“We’re building to suit the next phase of this company,” he said. “It’s a totally different look, because it’s a totally different culture and chapter for the ALPS of tomorrow.”

The upper floors were recently occupied by Worden Thane PC, which has since relocated to the new Stockman Bank building on West Broadway. When ALPS moves to the upper floors, it will open the second floor up for a new tenant.

That could include several of the Florence Building’s current tenants, several of whom are growing quickly. LumenAd, a technology company based in digital advertising, began with only a handful of employees but has since grown to occupy the building’s entire fifth floor.

Submittable has also grown to occupy more space, buying up offices as they become available to occupy the third floor. The company also works on the technology front, helping others manage digital content.

“We’ve stumbled onto a technology hub here, which is kind of cool for the old, classic Florence Building,” Bell said. “There was some intention to do that when we pulled the fiber in for a full gig up-down to make this building attractive to technology companies. You can’t get any faster Internet than you can in this building.”

Missoula’s national reputation as a tech hub has grown in recent years, as have several local companies, and Bell has observed the changes with an optimistic outlook on the city’s future.

Bell described the planned renovations as “rustic modern,” a change from the 1980s feel of the upper floors, which were most recently occupied by Worden Thane PC. (Martin Kidston/Missoula Current)

Down the street, Advanced Technology Group recently celebrated the hiring of its 100th Missoula employee. EduLog continues to grow as well, and ClassPass – a technology-based fitness company with offices in New York and San Francisco – is opening its third North American office in Missoula this month.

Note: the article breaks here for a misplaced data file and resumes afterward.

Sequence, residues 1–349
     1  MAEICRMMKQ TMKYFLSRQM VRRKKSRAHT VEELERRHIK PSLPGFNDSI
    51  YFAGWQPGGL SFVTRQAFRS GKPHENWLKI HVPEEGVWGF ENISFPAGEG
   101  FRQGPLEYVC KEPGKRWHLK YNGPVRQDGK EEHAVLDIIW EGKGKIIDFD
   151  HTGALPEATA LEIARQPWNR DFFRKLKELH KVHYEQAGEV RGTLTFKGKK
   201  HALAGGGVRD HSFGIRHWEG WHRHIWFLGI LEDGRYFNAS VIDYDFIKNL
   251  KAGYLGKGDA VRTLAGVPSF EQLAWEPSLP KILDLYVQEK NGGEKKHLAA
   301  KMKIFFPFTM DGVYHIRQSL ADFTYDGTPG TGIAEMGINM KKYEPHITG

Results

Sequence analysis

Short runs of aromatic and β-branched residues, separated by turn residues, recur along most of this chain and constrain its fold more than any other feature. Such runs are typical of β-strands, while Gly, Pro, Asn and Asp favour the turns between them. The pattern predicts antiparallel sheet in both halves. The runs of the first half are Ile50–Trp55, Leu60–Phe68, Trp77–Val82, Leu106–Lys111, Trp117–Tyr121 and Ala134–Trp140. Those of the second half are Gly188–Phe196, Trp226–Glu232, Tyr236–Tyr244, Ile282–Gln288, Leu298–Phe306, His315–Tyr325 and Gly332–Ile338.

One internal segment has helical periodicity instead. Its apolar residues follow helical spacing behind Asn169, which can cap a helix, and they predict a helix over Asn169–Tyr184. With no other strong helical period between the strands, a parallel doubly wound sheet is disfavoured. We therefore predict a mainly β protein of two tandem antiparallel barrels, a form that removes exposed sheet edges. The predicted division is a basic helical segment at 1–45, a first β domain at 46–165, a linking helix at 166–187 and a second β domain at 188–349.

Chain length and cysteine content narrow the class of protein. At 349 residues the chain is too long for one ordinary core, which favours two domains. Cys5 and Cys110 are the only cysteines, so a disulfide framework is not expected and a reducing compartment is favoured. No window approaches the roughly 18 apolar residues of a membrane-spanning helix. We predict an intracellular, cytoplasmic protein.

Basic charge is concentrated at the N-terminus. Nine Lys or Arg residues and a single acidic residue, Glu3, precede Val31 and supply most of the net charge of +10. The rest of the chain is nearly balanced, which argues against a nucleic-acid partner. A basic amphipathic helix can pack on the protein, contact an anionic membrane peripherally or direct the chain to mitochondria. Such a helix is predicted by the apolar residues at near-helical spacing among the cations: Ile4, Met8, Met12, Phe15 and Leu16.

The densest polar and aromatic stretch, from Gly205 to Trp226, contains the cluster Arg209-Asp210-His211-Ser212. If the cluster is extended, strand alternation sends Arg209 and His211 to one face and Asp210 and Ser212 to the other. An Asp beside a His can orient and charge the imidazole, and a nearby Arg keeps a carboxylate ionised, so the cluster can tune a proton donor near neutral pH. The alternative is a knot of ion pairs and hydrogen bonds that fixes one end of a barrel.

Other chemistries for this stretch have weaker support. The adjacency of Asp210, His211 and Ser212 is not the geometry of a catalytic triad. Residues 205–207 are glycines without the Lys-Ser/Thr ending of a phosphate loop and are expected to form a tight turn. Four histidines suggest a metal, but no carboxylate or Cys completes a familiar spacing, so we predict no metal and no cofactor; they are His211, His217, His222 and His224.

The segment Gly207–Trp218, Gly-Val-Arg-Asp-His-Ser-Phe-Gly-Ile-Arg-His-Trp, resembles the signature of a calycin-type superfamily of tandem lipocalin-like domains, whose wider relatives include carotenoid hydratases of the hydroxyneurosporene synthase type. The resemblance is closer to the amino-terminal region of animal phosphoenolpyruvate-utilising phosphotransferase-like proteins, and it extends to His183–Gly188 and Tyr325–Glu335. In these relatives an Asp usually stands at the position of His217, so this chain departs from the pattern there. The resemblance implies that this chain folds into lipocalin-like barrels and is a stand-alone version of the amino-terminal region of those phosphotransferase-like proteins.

“Missoula is a special place, and I do think that you can sum up the reason why the people who anchor companies here and have committed to stay here and grow here is because of that,” Bell said. “Oftentimes, it’s in spite of the other headwinds we often talk about here.

“Missoula is made up of a very unique chemistry of people who have different ideologies, world views and priorities in life, but everybody remains friends and coexists. That’s what makes Missoula awesome.”

Much of that activity has been centered in downtown Missoula, a place Bell believes is well positioned for growth and future industries.

Just across Higgins Avenue, the newest downtown resident is gaining stature as construction of the Mercantile hotel continues. The pedestrian commerce, dining options and general activity taking place on the streets gives the city center a vibrant atmosphere, Bell said.

It is, he added, a worthy place to invest.

“There’s a vitality that exists in our urban downtown, and it’s growing,” he said. “There’s a lot of great things going on in many places in Missoula, but I don’t know that there’s any place in Missoula that has as high a concentration of energy and activity and new investment as our downtown.”